The sanctuary includes pews, pulpit, lectern and altar area given by St. Andrews United Methodist Church, said Geiger.

“It was in their chapel area and they needed that space for a Sunday school room, and so they wanted to do something with this,” he said. “So they basically said if we take them out, we can have them.”

The talents of several members can also be seen in the church. The large cross behind the altar, the altar cross and baptismal font were all made by church members. Members also completed simulated stonework around the windows and railings in the chancel area.

“We were really very lucky and gifted to have those kinds of resources,” said Geiger.

“Even though we’re only about 25 people, more or less, we still had all the gifts we needed to put this together. Isn’t it amazing how God seems to pull together just what you need when you need it? And that’s exactly the way it turned out.”

Geiger admitted the church is small, measuring 100 feet by 24 feet.

“It’s sort of a scaled down, pocket-sized church,” he laughed. “Even though we’re small, I always say we’re Jesus strong, so that’s the part that counts.”

A parking lot to the side of the church can accommodate 20-23 vehicles. However, extra parking is available in a lot behind the church, near the abandoned Findlay City Schools bus garage.

The cost of the church is about $300,000; Geiger said members provided the funds.

“God gave us the gift of generous giving, I mean, beyond what we thought was actually possible for 20-25 people. Had that not happened, we couldn’t have done this, of course,” he said.

Since they’re an aging congregation, he said, having to pay back a large mortgage would have been a hardship.

The first service in the new building was held the first Sunday of Advent in 2016.

Geiger has been pastor of the church since its formation. He was an ELCA pastor and served in the church for about 10 years, but left in 1990 to become a full-time, professional counselor.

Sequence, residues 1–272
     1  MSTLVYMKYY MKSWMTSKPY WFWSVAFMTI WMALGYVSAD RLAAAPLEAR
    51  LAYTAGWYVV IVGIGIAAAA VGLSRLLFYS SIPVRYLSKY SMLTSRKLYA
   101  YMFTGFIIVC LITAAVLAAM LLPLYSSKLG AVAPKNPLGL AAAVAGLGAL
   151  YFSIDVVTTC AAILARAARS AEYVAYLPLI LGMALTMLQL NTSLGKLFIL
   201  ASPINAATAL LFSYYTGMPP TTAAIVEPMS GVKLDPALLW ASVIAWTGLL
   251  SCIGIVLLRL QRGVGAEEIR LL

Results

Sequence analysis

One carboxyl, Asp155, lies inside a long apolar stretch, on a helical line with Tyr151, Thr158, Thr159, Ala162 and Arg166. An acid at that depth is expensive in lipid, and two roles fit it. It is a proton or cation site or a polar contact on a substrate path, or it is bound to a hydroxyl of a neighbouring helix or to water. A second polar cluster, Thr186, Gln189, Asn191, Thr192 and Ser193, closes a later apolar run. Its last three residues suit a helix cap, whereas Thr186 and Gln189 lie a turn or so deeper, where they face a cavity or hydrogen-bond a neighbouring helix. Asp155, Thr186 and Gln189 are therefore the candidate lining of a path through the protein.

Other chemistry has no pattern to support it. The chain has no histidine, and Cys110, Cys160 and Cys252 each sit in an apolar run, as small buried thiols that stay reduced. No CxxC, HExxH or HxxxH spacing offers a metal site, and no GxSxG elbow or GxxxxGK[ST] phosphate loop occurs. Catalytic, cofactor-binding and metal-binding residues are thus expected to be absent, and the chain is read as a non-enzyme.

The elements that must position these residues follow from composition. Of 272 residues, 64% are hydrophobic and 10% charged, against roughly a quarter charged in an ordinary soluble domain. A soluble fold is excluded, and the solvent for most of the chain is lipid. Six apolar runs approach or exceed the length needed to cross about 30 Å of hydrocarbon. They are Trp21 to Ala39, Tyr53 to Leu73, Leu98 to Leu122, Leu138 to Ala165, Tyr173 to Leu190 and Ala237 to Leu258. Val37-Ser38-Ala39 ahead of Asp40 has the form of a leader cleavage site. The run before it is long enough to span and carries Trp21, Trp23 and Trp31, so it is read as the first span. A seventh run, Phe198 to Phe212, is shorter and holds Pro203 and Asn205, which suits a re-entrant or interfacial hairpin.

“Then when this happened, when the breakaway happened from the main body Lutheran Church, they needed someone to do this,” he said. “So I came out of retirement so to speak and have really loved every minute of it. It’s been a real joy to do this, to be part of this journey together.”

Now 74, Geiger continues to do mental health counseling two days a week, then oversees church duties the rest of the week.

“To us, a traditional retirement is not something we ever really looked forward to,” he said. “This is what we want to do.”

Although the church is completed, Geiger said there’s still more for the congregation to accomplish.

“Of course the challenge now is for people not to consider this to be an end in itself, the church, just to come here and be comfortable,” he said. “The mindset we need to hold is that this is more like a way station, a place to come, but then go out and share what it is we’re about. There’s lots of need for that all over the place, particularly in our neighborhood, too.

“If we don’t reach out, we will just age out, dry up and die out in about 10 years.”

He said the youngest member of the congregation is 50.

“Eventually, as members get added, they really need a younger pastor. So at some point in time we’ll begin to look at that,” he said.

“In the meantime we need, boy, we need to grow. So we’re praying and hopeful that this will be kind of a kickoff to that, with the dedication service.”